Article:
In the days before modern medicine, the sick, injured, and expecting often relied on community healers to perform the services of doctors and midwives. Women largely fulfilled these roles. Whether their practices were rooted in scripture, nature, or common sense, there’s no denying their quintessential place in the history of medicine. Have you ever heard of the Ozarks’ Granny Women?
Janet Allured, a professor of history and the Director of Women’s Studies at McNeese University in Louisiana, and Vincent Anderson, historian and author of multiple books on the Ozarks’ region.
Granny Women: Healing and Magic in Appalachia; Burns, Phyllis Doyle; RemedyGrove; March 11, 2018.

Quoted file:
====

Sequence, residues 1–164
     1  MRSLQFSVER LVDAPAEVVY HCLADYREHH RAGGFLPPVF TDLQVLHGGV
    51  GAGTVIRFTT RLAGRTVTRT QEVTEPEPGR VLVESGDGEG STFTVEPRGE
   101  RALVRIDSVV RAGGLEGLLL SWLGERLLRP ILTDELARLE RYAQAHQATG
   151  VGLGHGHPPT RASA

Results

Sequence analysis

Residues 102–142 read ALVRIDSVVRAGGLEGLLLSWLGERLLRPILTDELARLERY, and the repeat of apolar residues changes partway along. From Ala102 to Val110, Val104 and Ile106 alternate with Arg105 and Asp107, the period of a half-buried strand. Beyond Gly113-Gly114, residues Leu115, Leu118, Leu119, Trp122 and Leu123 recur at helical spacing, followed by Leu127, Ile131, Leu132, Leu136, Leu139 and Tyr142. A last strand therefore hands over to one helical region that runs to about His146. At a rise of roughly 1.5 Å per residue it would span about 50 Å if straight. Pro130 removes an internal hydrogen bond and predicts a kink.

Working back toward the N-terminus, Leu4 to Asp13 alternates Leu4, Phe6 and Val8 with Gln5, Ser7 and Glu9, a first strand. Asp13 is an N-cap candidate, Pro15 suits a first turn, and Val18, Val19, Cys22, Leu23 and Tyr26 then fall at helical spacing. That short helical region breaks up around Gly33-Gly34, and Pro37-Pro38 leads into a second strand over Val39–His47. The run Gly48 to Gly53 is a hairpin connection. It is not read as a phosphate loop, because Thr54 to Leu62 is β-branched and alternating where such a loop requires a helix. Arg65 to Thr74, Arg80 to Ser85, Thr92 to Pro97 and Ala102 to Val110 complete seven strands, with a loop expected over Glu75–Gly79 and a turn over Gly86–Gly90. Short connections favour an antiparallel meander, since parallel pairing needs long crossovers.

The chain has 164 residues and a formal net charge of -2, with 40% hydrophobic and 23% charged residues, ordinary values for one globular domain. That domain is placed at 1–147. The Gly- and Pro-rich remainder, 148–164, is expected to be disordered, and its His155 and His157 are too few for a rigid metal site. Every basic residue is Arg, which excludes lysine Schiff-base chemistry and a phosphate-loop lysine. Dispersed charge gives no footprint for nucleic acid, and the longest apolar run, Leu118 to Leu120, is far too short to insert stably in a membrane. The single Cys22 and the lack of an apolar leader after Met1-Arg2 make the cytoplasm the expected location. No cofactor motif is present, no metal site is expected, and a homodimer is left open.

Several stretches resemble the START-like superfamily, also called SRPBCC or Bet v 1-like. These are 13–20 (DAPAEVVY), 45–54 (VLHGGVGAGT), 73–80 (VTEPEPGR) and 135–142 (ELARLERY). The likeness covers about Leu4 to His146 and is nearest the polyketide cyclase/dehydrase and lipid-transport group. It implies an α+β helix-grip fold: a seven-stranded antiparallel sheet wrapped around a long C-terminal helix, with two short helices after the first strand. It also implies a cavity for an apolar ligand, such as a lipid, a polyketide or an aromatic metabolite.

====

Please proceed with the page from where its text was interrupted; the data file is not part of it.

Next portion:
Women’s Healing Art: Domestic Medicine in the Turn-of-the-Century Ozarks; Allured, Janet L.; Gateway Heritage, Spring 1992, Vol. 12, No. 4; Missouri Historical Society; Retrieved January 2019.
The “Granny-Woman” in the Ozarks; Rayburn, Otto Ernest; Midwest Folklore, Vol. 9, No. 3 (Autumn, 1959), pp. 145-148, Indiana University Press; Retrieved January 2019.
Last of the Ozark Granny Women; Shannon Country Coordinators; Shannon County, Missouri GenWeb; Retrieved January 2019.
Mozark Moments: Tales of Granny Women and Yarb Doctors; Johns, Paul; CCHeadliner.com; March 20, 2011.